One of the most awesome moments of helping lead the student leader retreat last weekend involved one soon-to-graduate gal. At various points throughout the weekend, her college minister and I were able to help find her place in the ministry.
She’d been on leadership team for this college ministry for a few years now. And as she approached graduation, she wondered about connecting her major – Exercise Science – with the ministry. Fortunately, her college minister gave her wide latitude – and during the course of the weekend, she was able to take some real steps toward understanding just what this might look like.
I bring up that aspect of the weekend to ask an important assessment question for your campus ministry: How many of your student leaders are serving in positions that match not only the needs of the ministry, but ALSO their life callings or very unique gifts and talents?
It’s the “also” that’s tricky, right? Because certainly, we need to ask many of our students to step into positions that wouldn’t exactly be described as their “Dream Jobs.” Sure, they hopefully have aptitude and passion there, but that’s different than tailor-making a position to fit them. That’s part of learning service, in fact; we don’t want our collegians to ever learn that service is more about “the experience” than the actual results. (It’s loving in “deed and truth” rather than just “word or tongue.”)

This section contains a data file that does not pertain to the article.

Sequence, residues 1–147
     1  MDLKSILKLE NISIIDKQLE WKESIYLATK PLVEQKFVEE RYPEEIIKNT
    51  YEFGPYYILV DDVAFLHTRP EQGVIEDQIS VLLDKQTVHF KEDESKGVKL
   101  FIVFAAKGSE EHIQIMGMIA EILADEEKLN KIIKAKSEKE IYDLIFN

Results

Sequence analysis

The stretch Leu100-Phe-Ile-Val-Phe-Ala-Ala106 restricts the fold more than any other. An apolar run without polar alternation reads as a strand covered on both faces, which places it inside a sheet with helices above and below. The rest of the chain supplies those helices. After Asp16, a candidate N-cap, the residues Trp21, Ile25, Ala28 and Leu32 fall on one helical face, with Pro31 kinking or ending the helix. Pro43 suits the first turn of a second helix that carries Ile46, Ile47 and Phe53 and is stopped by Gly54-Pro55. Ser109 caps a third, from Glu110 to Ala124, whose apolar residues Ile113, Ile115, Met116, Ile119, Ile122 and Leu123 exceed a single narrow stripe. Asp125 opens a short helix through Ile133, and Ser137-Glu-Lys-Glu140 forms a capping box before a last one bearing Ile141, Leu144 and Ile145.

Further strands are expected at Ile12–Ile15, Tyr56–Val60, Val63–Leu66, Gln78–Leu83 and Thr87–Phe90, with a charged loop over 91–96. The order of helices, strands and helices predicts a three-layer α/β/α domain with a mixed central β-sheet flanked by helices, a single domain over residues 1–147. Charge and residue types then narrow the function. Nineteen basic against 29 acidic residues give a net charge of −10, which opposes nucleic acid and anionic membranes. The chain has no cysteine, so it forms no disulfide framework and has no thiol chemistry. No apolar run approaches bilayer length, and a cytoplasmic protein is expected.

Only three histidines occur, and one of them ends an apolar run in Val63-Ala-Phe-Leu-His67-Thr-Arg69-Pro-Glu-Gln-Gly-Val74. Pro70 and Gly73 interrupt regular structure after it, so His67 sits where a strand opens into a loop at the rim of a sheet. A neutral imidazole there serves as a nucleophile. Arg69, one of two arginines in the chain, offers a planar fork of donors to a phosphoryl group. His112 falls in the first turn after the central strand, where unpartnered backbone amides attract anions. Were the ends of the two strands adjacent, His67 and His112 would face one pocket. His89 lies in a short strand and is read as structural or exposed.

However, we’re also trying to disciple our students to find the callings (including the so-called “secular” callings) that God has placed on their lives… and to connect all those callings to Faith. One key way to accomplish that might be letting students explore ministry roles that fit those specific callings. So while your well-laid plans on the College Ministry Dry-erase Board this summer might not have included a “Graphic Design” student leader position, the presence of a Senior who’ll be chasing that calling for the next forty years might be all the impetus you need to, indeed, tailor-make that position.
And while you may never have an “Exercise Science” team, an Outdoors team might allow those students to “exercise” their calling in a ministry setting.
And so on.
The unique individuals God brings to our ministries make up part of how He directs our ministries, yeah? If He’s brought faithful servants with specific gifts and unique callings, then He might just have something specific and unique in mind for them, at least at some point during their collegiate career.